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Courtenay council keeps status quo on strata fees

COURTENAY, B.C- A group of home owners in the Comox Valley won’t seeing any changes to the way they get billed in the near future.

Earlier this year, residents of the Woodlands, a strata home development near Lerwick Nature Park in Courtenay, asked for a change to the way they receive bills for city services.

Spokesperson Dennis Thomas had led the presentation.

Due to the Woodlands development being run by a strata corporation, all bills for Courtenay’s city services such as water, garbage collection, and sewer fees are sent to the corporation for payment, instead of individual home owners.

According to Thomas, who spoke with after his presentation, the system has resulted in residents of the area paying higher rates for such services due to the strata corporation multiplying the costs, based on “unit entitlement”, which is the system that pays for common expenses.

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The concern of the residents was that they are currently paying higher rates on city services for their individual properties, based on the size, due to those bills being sent to the corporation by the municipal government. They were asking for the system to be changed to allow for individual billing.

“We have owners paying what amounts to almost double of what the city and the region has decided that water should cost, and that’s not fair,” said Thomas, after his presentation.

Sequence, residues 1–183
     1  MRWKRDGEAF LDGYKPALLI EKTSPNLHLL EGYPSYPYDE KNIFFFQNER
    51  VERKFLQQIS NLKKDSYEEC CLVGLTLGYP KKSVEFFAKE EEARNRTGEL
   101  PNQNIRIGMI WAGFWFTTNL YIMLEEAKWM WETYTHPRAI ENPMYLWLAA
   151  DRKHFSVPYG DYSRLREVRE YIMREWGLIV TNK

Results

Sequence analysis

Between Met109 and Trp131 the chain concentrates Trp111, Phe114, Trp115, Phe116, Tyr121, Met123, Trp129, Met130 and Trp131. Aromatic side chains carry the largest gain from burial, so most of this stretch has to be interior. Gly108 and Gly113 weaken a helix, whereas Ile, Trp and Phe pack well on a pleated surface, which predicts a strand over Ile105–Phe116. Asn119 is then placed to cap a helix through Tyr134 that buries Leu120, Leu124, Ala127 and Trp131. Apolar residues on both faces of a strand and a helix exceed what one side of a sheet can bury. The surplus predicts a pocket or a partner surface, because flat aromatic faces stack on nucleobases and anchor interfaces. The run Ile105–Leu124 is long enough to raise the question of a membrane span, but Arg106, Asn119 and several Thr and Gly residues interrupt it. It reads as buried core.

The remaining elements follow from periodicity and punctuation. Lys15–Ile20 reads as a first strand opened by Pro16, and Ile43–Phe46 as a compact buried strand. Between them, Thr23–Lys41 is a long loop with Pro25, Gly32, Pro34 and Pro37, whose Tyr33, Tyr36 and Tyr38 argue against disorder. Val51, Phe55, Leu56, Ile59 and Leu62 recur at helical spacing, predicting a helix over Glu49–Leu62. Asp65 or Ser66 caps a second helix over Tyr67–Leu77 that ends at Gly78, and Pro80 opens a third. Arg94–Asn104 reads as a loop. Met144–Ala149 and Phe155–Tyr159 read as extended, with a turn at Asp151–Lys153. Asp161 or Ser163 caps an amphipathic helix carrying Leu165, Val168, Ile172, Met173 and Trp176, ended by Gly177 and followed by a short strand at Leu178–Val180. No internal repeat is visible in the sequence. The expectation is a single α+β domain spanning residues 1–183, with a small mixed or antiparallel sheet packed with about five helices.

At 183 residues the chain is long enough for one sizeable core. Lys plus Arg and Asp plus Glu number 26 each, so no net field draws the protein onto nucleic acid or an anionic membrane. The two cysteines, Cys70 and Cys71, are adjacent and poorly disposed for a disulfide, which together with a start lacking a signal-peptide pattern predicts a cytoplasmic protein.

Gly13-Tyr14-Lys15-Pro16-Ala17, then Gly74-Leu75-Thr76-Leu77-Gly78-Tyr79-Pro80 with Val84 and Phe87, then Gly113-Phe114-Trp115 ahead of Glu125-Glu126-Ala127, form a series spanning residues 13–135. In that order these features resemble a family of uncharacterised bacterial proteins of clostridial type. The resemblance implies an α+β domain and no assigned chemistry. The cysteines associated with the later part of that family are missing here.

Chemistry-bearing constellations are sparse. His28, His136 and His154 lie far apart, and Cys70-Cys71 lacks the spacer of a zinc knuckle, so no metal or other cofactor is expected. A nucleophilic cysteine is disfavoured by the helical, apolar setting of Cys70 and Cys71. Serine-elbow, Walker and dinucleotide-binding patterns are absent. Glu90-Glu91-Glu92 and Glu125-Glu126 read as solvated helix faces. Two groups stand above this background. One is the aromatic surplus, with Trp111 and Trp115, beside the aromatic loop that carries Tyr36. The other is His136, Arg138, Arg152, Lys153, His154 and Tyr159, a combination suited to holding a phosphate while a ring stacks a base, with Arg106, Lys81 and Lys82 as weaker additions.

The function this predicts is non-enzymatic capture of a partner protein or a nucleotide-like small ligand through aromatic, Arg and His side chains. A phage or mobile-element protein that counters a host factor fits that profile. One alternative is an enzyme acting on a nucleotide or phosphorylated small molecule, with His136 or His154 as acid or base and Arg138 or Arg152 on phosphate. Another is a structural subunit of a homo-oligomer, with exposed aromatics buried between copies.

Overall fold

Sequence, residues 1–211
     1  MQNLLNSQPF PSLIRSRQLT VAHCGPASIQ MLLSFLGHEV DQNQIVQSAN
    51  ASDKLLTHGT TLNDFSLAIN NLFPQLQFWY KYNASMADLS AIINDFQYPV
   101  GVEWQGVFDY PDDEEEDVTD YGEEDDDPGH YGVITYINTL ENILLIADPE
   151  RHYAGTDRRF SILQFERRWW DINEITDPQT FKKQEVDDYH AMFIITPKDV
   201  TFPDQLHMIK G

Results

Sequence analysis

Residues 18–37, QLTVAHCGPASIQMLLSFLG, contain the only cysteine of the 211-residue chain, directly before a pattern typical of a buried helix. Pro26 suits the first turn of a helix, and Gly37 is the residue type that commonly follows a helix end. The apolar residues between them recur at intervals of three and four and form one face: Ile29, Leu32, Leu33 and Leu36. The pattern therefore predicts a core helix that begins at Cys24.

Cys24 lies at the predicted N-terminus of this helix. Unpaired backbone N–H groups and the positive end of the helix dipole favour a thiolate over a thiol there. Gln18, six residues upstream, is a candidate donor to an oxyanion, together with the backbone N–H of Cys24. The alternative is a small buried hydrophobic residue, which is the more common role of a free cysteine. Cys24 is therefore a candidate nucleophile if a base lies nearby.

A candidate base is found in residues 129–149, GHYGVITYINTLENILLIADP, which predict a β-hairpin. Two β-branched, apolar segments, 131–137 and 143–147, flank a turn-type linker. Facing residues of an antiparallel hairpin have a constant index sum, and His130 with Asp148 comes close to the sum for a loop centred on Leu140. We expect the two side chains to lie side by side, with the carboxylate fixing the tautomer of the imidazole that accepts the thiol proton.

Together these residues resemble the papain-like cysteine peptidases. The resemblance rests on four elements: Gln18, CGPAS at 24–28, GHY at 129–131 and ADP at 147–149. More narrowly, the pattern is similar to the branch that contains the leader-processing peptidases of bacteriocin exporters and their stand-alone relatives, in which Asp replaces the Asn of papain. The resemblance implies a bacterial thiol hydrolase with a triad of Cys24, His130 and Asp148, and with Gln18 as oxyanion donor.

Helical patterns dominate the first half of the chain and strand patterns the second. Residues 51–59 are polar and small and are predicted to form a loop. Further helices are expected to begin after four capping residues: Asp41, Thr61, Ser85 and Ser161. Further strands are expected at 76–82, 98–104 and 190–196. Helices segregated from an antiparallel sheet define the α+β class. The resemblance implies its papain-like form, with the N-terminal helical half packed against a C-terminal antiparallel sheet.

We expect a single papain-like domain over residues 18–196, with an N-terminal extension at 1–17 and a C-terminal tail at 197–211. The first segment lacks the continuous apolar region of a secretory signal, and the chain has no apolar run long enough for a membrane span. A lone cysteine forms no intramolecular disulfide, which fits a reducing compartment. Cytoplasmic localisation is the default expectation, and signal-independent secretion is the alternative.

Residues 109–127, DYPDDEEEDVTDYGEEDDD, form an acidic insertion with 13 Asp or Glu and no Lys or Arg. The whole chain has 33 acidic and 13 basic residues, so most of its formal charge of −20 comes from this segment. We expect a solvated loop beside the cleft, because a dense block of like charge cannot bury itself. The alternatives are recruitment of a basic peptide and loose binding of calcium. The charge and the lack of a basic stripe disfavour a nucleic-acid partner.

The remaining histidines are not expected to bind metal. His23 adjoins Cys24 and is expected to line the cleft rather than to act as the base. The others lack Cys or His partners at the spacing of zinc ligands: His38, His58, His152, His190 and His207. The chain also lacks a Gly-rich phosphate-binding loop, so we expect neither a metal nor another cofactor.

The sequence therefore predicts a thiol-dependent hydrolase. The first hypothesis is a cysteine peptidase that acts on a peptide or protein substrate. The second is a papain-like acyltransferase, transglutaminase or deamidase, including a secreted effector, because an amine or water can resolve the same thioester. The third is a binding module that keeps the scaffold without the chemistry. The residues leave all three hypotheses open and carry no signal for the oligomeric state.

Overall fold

“I’ll use a different word, that’s wrong.”

He mentioned during the presentation that Comox already did direct billing of strata residents for city services, which Comox mayor Paul Ives previously confirmed.

On Monday, council debated what to do about the issue, with numerous options being weighed. However, it was decided to keep the current billing system in place, and leave the issue up to the province to decide.

“I hope the stata owners will understand, because I know they were emotional, I know they were upset, and I know a lot of them were concerned about it, but we have taken steps to try to clarify it, we have taken steps to have the province change the legislation, and that will be discussed in September, at the Union of BC Municipalities (UCBM) convention,” said Mayor Larry Jangula, following the meeting.

“It’s not dead, it’s still in the air, it’s not a no and it’s not a yes, the ball is in the air still.”

Jangula stated that any changes with the way Courtenay does strata billing would be a “huge, extra cost”, and said municipal staff were telling him the province was “tying their hands”.

The next meeting of the UCBM will be held from September 10 to 14 in Whistler.

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